- The type of stoma created.
- The type of effluent being passed.
- The patient’s manual dexterity.
- The patient’s visibility of the stoma.
- The patient’s lifestyle.
- Any skin sensitivities.
- Position of the stoma.
- The patient’s preference with regards ease of use, appeal, comfort, reliability and availability of the stoma appliance.
There are four main categories of appliance:
As the name suggests the one-piece appliance incorporates the bag and adhesive base plate together. The adhesive base will have either a hydrocolloid skin barrier and/or a hypoallergenic adhesive. The hydrocolloid component of the base plate acts as a skin protective barrier and additional security is provided by the hypoallergenic adhesive.1
If the stoma is irregular in shape, it is appropriate to use an appliance with a cut-to-fit opening. This enables a template of the actual stoma size to be created and used as a cutting guide to cut the aperture of the appliance accurately. When the stoma is regular in shape, a pre-cut opening is available to fit securely around the stoma, although the correct sizing must be ascertained. Too large an aperture may lead to excoriated skin, and too small an aperture may lead to constriction of the stoma. In severe cases ischemia can occur.8
One-piece appliances are considered to be the most simple to apply as they are soft, flexible and discreet under clothing. For these reasons the one-piece appliance is suitable for patients whose manual dexterity is reduced, or for new patients since fewer learning stages are required. The appliance can be simply applied as one and removed as one.2 A one-piece appliance is available as a closed, drainable or taped (urostomy) appliance and is offered as a clear or opaque option.
Again as the name suggests the two-piece appliance is applied as a two piece system; a base plate (flange) and appliance. The skin barrier to the base plate has properties similar to that of the one-piece and is available with or without the hypoallergenic adhesive.
Generally, the base plate requires cutting to the stoma size at each appliance change and a cutting guide may be required. It is possible to arrange for dispensing appliance contractors (DACs) to cut the base plates. This is only possible to arrange if a guide to the actual stoma size is supplied. Cutting devices are also available which punch out a hole to the exact size of the stoma in the base plate.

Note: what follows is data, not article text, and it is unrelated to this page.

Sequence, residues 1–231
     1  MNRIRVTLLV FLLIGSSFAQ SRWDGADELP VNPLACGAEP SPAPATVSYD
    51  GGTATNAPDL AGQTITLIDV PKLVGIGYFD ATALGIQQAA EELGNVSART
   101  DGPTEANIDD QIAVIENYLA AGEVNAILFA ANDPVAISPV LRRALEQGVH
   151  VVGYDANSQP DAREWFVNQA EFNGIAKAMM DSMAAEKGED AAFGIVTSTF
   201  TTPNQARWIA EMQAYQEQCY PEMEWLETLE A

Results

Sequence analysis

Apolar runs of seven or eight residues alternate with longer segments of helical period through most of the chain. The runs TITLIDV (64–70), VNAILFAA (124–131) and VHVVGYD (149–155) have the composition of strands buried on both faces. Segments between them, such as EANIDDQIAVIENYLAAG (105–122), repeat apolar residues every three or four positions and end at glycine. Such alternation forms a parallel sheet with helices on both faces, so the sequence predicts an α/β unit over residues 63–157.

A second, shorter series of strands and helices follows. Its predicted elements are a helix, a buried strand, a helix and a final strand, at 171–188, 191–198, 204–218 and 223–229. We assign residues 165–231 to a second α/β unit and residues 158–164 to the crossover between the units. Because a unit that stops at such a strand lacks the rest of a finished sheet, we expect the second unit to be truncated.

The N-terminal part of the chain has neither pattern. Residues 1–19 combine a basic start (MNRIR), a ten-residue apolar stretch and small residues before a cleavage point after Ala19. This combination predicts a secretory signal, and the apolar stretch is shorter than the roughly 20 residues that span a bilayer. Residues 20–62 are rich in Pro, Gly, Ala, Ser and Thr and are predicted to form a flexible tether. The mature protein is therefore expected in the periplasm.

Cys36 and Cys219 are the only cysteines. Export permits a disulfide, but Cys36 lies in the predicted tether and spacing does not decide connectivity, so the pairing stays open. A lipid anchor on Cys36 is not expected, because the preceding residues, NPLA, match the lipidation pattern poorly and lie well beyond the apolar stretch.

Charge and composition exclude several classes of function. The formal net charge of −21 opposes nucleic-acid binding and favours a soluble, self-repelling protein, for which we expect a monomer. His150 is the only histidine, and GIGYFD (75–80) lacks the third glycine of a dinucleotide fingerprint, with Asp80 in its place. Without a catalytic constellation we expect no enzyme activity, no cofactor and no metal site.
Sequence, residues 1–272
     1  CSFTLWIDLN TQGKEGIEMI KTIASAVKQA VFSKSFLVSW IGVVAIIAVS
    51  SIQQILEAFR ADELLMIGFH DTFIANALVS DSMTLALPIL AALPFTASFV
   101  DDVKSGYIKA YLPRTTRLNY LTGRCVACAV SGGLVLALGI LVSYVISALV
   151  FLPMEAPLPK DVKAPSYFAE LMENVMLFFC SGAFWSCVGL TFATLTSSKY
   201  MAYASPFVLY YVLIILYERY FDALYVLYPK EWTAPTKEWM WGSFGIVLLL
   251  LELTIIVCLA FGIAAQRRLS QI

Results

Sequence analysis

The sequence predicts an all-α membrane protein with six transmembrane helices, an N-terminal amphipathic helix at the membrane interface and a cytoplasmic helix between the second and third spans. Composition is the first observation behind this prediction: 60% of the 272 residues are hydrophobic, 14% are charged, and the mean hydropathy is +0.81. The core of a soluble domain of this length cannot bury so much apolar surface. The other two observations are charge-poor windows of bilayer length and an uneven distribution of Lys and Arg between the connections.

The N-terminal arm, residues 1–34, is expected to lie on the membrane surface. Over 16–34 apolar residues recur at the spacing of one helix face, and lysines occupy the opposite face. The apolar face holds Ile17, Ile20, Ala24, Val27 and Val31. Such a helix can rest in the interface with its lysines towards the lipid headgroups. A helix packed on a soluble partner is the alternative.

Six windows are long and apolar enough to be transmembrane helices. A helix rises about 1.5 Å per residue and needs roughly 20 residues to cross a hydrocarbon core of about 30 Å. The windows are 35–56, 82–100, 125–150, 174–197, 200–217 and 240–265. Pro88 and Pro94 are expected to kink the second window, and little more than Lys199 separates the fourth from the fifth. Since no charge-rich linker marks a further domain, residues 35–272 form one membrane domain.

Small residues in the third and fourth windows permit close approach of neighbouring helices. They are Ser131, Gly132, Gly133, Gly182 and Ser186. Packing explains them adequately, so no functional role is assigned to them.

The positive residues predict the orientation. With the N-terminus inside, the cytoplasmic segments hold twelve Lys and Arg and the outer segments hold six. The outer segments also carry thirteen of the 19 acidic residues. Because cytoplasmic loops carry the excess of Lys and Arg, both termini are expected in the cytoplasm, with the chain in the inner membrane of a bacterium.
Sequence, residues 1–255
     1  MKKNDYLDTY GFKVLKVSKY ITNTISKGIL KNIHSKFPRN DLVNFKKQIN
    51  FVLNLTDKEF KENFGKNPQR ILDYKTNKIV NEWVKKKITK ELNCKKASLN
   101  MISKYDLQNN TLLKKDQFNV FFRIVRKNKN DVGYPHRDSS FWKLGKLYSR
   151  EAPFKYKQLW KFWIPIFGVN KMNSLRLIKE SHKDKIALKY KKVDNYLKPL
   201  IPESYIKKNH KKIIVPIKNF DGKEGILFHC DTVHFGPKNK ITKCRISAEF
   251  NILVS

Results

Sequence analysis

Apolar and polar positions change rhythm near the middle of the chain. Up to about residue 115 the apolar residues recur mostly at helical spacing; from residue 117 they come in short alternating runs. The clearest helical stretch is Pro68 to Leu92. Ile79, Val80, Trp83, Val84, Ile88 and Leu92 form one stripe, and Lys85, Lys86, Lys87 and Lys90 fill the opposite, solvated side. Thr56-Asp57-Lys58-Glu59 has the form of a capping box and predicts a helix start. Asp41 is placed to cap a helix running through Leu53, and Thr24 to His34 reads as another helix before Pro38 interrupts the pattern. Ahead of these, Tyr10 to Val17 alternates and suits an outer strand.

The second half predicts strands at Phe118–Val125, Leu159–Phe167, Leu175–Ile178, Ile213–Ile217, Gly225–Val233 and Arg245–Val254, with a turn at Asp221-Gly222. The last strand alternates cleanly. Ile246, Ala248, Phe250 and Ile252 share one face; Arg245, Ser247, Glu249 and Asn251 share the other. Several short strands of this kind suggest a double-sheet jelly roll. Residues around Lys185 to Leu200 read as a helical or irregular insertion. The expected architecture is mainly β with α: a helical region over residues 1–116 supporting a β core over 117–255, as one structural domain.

Once the base plate is in place on the abdomen, over the stoma, the appliance is clipped or stuck onto the base plate. This enables the appliance to be renewed regularly while the base plate remains in place. It is usual for the base plate to be renewed once or twice a week and the appliance renewed as required.
The advantage of this system is that the appliance can be changed without disturbing the surrounding peristomal skin. In view of this there is a lower incidence of skin irritation when using a two-piece system.9
An additional advantage is that smaller sized appliances can be interchanged during the day when discretion would be considered more important than capacity, for example, for sports and sexual intercourse. Two-piece appliances are available as a closed, drainable or taped (urostomy) appliance and are offered in clear or opaque.
Clear and opaque appliances
Clear appliances allow the stoma and effluent to be easily observed, which is of particular importance when the stoma is newly formed. Some patients prefer to continue using a clear appliance as it enables them to see the stoma when placing the appliance on the abdomen and therefore increasing the patient’s confidence that the appliance is secure.